Their final hurdle was getting ministerial approval to transfer the prospecting rights. Conveniently, Mosebenzi Zwane, who had been appointed mining minister just three months earlier, was in Europe last December for a meeting at Zurich’s Dolder Grand to wrap up the Guptas’ acquisition of Optimum Coal.
On the way home, it has now emerged, the minister stopped over in Dubai to meet the Guptas’ new friends, the executives of Centaur.
Barely 10 days later, on December 18, the section 11 transfer was signed off by the department.
Another noteworthy entry in the public protector’s report was that a mystery family based in the United Arab Emirates had given Centaur a R1.5-billion revolving credit facility to boost the company’s mining operations in South Africa.
In June this year, the company said the money would be used to fund mainly mining projects in South Africa and that it had secured the “green light from the Reserve Bank for R1.5-billion for the funds to be deployed in South Africa”.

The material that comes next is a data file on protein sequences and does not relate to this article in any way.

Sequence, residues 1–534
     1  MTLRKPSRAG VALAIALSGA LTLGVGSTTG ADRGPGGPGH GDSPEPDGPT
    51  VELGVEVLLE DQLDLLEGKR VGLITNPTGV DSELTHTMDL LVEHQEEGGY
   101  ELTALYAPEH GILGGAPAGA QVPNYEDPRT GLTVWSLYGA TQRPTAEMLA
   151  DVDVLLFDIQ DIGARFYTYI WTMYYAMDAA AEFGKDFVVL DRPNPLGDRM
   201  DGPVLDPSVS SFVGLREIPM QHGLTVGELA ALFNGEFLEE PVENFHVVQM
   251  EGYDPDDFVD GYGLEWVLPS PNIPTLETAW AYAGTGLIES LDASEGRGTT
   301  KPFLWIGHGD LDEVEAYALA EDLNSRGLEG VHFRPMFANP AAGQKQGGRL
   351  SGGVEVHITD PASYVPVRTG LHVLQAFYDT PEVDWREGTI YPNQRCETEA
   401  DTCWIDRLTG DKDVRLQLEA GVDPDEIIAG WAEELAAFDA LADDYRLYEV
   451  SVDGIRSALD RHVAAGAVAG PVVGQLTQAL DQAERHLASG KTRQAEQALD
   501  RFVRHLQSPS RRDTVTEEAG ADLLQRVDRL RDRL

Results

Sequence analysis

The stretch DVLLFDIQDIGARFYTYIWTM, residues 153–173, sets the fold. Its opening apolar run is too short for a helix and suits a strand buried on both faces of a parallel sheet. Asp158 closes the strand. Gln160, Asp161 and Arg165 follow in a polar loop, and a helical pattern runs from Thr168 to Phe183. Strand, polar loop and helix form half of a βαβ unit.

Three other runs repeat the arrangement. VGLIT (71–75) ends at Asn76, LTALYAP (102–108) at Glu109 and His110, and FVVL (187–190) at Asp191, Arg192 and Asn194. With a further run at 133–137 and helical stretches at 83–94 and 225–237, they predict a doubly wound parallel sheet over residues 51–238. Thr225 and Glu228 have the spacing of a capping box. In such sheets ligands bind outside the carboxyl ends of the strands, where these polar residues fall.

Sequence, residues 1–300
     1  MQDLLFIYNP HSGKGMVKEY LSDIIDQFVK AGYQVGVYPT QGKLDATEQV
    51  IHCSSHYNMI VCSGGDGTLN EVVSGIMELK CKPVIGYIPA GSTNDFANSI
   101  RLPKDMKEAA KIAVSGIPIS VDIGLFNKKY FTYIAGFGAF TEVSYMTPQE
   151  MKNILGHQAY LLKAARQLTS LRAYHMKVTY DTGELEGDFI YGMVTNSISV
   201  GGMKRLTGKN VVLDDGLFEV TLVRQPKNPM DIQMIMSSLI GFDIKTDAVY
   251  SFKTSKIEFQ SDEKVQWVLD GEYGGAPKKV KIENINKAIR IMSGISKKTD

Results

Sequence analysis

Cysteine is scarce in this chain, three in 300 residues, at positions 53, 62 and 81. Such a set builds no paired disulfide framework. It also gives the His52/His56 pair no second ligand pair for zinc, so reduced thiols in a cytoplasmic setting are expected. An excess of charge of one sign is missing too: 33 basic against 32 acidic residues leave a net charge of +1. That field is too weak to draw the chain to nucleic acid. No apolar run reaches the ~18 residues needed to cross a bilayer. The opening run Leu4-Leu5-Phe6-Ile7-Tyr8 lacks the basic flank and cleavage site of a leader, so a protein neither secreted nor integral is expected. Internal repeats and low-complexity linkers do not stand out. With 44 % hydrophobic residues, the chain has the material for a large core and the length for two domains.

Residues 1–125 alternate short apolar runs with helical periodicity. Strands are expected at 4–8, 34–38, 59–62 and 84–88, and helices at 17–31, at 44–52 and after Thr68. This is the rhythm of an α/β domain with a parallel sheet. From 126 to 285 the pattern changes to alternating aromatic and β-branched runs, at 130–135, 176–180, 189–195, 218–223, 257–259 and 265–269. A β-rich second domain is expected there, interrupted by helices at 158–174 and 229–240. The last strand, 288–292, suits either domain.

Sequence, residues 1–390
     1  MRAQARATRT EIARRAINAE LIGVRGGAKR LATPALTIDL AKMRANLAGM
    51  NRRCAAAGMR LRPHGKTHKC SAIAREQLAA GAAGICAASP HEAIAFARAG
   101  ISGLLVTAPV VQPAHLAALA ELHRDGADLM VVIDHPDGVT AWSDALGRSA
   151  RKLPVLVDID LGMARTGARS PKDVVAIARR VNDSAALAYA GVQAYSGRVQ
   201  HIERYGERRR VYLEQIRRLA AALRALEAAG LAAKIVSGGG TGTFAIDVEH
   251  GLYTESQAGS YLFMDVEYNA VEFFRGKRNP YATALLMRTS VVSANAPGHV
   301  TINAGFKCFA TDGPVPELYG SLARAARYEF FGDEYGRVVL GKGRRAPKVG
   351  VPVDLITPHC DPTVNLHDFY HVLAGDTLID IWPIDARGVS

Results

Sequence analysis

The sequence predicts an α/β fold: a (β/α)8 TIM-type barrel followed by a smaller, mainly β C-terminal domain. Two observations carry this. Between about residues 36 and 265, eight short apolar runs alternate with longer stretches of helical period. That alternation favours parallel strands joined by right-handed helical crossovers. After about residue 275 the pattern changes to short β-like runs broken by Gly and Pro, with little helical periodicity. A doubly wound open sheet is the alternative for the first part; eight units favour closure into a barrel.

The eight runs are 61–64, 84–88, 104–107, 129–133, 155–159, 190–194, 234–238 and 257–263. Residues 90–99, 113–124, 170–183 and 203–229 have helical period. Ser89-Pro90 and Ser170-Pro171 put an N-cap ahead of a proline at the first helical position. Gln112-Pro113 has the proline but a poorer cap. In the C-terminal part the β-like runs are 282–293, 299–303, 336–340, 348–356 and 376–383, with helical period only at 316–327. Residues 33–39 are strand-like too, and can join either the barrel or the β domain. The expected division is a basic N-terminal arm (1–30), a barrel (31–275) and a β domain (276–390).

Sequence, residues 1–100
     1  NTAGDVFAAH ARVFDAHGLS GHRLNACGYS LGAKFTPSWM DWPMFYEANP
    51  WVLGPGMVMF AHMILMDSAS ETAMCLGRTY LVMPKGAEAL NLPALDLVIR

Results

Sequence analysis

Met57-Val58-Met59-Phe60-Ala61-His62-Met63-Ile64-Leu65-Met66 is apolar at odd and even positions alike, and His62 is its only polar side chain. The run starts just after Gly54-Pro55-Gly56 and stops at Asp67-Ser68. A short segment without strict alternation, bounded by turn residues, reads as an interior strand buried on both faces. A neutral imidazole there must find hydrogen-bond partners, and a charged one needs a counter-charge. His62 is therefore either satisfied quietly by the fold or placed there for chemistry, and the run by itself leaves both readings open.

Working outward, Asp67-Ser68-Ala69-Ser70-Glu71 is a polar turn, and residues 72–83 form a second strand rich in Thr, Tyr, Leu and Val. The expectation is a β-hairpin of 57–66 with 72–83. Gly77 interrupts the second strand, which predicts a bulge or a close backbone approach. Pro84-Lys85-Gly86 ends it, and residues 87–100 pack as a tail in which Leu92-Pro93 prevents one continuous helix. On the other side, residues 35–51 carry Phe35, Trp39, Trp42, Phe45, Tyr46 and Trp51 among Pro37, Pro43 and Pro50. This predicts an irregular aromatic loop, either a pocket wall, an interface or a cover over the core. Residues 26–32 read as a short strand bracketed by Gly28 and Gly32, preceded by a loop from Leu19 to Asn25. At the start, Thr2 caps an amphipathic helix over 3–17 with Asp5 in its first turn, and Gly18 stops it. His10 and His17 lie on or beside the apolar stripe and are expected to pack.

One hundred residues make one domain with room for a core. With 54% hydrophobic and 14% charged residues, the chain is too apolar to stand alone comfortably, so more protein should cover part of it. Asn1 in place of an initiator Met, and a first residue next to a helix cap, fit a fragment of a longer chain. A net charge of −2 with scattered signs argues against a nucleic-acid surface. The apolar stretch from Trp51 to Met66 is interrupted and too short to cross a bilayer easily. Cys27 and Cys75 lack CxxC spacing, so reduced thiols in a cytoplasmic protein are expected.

Neither Centaur nor the Guptas responded to questions about the identity of this mystery benefactor, further fuelling speculation about the exact nature of their partnership.
The Gupta family, which has been accused of wielding undue influence over various politicians as well as Zuma, recently said it planned to dispose of all its South African business stakes by the end of this year.
“As a family, we now believe that the time is right for us to exit our shareholding of the South African businesses, which we believe will benefit our existing employees,” they said in a statement, adding: “We are already in discussions with several international prospective buyers.”
By Centaur’s own admission, the De Roodepoort deal is huge. The company recently estimated there was more than 100-million tonnes of coal available on the farm, a combination of high-quality export coal and Eskom product.